The parquet flooring of the Girard College basketball court, in the historic boarding school’s armory building, is emblazoned with the team logo of the Cavaliers, but this week the court serves as a stage for an ode to a basketball hero.
The hoops on opposite sides of the court are wrapped with projections screens onto which a 5-second video clip of Julius Erving, aka Dr. J., performing a spectacular layup during the 1980 NBA championship finals against the Los Angeles Lakers.
That reverse layup — for which Erving jumped at the baseline, scooped the ball behind the backboard, and delivered it underhanded into the basket — has been called the greatest single shot in NBA history. During the performance, the footage is played back slowly, sometimes held one frame at a time for inspection purposes.
“I found myself watching it again and again, the way you can rewatch something that’s beautiful,” said author Ross Gay. “But in this case I caught myself and I was, like, ‘What are you looking at?’ That’s the prompt: noticing what I was looking at and then wanting to wonder about what I’m looking at.”
The “baseline scoop” is the basis of “Be Holding,” a book-length poem by Gay published in 2020, which Girard College is now presenting as a choreographed performance by poets Yolanda Wisher and David Gaines, and a new composition for piano and percussion by Tyshawn Sorey, performed by the music ensemble Yarn/Wire.
Girard College is a presenting collaborator, giving the artists an actual basketball court and administrative support to bring “Be Holding” into reality. The project is part of Girard’s “Campus for the City” initiative to make its walled and gated campus more available to Philadelphians.
Gay grew up in Philadelphia in the ‘70s and ‘80s. He said he does not remember watching the 1980 playoffs as it was happening: He would have been just 6 years old at the time, and didn’t become a diehard 76ers fan until 1983 when they won the championship over the Milwaukee Bucks. He now lives in Bloomington, Illinois, where he teaches.
More than a wonky paean to basketball, “Be Holding” is a stream-of-consciousness meditation on Black genius, diligence and practice, and gratitude.
Gay points to a particular moment in Erving’s spectacular basket, when he turns his head away from the play and seems to be looking past the ball, past the other players into what appears to be the far distance.
“What’s Julius looking at?” he said, imagining Erving was looking back to everyone that made this moment possible. “I imagine that he’s looking into all of these feats of care, of which his is only one.”
The idea to make the poem into a piece of instrumental music and dramatic performance began before the poem was even finished. Gay had been working on the poem while staying with his friend, director Brooke O’Harra, with whom he had collaborated before. Together they were kicking around the idea of creating an opera together.
“We were itching to try to do something together again, maybe on a slightly bigger scale,” Gay said. “I remember, I was turning the corner on it, and we talked about it. There was just a lot of things that made sense to give it a try.”
Gay wrote “Be Holding” for the page to be published as a book, and was not writing the poem to be a performance. “Not at all,” he said.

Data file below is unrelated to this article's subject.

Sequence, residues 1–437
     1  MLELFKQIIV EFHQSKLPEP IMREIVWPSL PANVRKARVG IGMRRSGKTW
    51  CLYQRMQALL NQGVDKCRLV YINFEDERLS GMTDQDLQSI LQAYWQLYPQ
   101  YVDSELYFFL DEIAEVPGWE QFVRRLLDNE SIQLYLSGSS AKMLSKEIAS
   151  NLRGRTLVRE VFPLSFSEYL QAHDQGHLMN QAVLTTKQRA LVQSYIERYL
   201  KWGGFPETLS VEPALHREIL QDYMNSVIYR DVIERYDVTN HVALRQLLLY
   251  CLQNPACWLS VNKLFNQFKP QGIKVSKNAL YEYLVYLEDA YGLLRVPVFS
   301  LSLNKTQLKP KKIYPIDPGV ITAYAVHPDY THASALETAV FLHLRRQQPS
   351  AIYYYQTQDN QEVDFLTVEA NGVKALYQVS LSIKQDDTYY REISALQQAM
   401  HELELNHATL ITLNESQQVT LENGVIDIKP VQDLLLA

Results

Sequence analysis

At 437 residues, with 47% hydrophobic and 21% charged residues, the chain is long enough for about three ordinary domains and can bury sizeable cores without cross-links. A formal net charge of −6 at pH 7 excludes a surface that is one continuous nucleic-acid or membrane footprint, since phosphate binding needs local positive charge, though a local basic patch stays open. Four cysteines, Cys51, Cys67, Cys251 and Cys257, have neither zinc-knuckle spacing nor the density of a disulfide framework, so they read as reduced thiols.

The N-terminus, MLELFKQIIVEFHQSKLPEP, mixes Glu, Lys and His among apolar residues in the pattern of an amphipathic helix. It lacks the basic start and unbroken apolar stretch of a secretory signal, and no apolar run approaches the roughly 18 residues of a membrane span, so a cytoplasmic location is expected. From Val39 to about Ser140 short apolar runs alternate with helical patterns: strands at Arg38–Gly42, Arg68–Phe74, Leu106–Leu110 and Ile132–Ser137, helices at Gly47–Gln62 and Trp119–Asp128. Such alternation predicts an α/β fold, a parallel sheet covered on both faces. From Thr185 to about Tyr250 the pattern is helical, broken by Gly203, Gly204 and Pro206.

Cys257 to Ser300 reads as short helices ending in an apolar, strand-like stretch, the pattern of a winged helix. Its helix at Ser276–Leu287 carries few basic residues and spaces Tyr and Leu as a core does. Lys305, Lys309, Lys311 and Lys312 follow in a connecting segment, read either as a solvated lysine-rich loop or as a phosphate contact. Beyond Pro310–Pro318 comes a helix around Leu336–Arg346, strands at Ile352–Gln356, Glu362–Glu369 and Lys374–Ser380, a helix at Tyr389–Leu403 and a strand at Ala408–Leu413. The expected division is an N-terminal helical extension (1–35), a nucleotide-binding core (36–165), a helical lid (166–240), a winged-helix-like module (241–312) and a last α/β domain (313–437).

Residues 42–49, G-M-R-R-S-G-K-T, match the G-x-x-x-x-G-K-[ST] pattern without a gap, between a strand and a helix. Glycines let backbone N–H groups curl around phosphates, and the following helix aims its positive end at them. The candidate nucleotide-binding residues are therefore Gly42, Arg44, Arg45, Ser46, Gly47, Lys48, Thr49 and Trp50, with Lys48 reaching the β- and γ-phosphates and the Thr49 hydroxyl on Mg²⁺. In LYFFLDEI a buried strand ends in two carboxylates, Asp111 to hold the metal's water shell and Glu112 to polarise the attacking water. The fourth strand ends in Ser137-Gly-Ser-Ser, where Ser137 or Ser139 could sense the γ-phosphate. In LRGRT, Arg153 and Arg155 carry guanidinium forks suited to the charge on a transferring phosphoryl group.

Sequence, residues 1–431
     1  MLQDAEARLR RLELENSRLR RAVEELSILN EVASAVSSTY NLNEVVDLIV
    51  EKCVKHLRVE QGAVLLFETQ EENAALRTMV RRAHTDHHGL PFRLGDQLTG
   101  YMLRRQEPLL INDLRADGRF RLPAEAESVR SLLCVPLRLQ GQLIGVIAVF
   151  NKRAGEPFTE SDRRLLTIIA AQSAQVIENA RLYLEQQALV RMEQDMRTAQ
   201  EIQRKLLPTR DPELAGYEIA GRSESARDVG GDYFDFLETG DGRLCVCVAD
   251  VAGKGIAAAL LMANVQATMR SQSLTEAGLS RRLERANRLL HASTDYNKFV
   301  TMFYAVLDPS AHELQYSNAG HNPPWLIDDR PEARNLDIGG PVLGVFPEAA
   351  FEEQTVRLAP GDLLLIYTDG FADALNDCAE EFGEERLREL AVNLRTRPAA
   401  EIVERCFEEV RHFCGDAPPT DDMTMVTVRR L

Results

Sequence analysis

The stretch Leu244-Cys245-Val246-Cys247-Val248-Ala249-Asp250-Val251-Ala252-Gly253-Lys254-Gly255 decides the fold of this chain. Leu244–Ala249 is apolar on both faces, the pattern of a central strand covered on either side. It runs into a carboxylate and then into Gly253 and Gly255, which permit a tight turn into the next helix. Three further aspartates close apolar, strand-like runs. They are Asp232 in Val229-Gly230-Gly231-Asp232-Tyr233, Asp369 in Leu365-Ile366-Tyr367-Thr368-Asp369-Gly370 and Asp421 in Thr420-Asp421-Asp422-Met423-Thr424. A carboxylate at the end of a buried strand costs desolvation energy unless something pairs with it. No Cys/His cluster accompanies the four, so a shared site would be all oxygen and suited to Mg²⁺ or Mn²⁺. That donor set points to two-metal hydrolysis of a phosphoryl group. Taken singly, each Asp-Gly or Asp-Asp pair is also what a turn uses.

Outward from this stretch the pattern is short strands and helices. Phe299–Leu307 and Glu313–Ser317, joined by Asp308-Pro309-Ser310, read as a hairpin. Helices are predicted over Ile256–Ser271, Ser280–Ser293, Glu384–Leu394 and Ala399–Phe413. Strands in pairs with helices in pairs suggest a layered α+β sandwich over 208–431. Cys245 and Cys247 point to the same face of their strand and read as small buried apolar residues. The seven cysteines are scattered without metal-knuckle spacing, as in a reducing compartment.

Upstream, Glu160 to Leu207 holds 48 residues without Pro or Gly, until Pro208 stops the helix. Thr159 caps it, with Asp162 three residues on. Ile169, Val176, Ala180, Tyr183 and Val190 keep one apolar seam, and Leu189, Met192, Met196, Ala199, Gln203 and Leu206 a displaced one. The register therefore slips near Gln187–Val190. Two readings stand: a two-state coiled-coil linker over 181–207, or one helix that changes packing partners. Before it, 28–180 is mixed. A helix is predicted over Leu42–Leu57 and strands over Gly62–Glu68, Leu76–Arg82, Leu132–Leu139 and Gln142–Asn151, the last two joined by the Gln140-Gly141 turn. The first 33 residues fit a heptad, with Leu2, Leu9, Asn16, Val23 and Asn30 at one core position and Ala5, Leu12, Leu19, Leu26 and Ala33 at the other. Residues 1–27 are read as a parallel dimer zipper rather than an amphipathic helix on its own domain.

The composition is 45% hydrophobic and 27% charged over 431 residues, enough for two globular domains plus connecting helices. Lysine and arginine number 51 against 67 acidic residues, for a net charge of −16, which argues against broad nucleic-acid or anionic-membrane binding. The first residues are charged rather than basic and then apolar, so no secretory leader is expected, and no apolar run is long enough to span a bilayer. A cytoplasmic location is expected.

When O’Harra first read what would become “Be Holding,” then still unfinished, she saw it as a kind of libretto for an avant-garde performance. The text moves freely, as quickly as thought, from basketball to the Middle Passage, to memories of Ross’s parents, to a disturbing Pulitzer-winning photograph of a Black woman and daughter falling to their death from a collapsing fire escape in 1976, to singers like Minnie Riperton and Donny Hathaway — along with many other free-associations.
“Even if it isn’t a narrative, it’s a story about a way of being, about a way of existing with each other,” she said. “It’s not like a story arc, but it is an arc of understanding that desire for Black joy, or all joy in holding each other.”
The basketball court is separated into quadrants, each occupied by a member of Yarn/Wire: two pianos catty-corner from each other, and two percussion kits on the other diagonal. Wisher and Gaines move through the center, trading lines of the poem and, at times, talking over one another.
The poem marvels at the moment, as Dr. J is mid-flight, he instinctively knows when to tuck his head into his chest so as to not brain himself on the edge of the backboard…
the daily evasion of which is,
as you know,
a version of genius
like Donny Hathaway says of Stevie Wonder
before covering “Superwoman,”
on “These Songs for You, Live!”
the Fender Rhodes like water
rocking in wakes above your body
though he says it like this
“From the black pool of genius
we’d like to give you our rendition of.”
Like Dr. J’s feats of instinctive dexterity, which if you weren’t looking carefully could be head-spinning, Gay’s poem swoops and dives without warning into a wide range of tangents, always coming back to make the point.
“How do we behave towards each other?” O’Harra said. “Whether it’s how we look at Blackness, how we image Blackness, or how we just care for each other. That’s really the question of the poem: How do we be?”
Gay says he still follows the 76ers. When asked about the team’s recent playoff loss to the Boston Celtics, the firing of its head coach, and the presumed dissolution of The Process (a plan that was supposed to make the 76ers a championship team) he takes the long view.
“Moses Malone being traded in 1985,” he mused. “We still haven’t atoned for that.”
From May 31 through June 3, there will be performances of “Be Holding” at Girard College at 7:30 each evening to take advantage of the changing light at dusk streaming through the armory windows.
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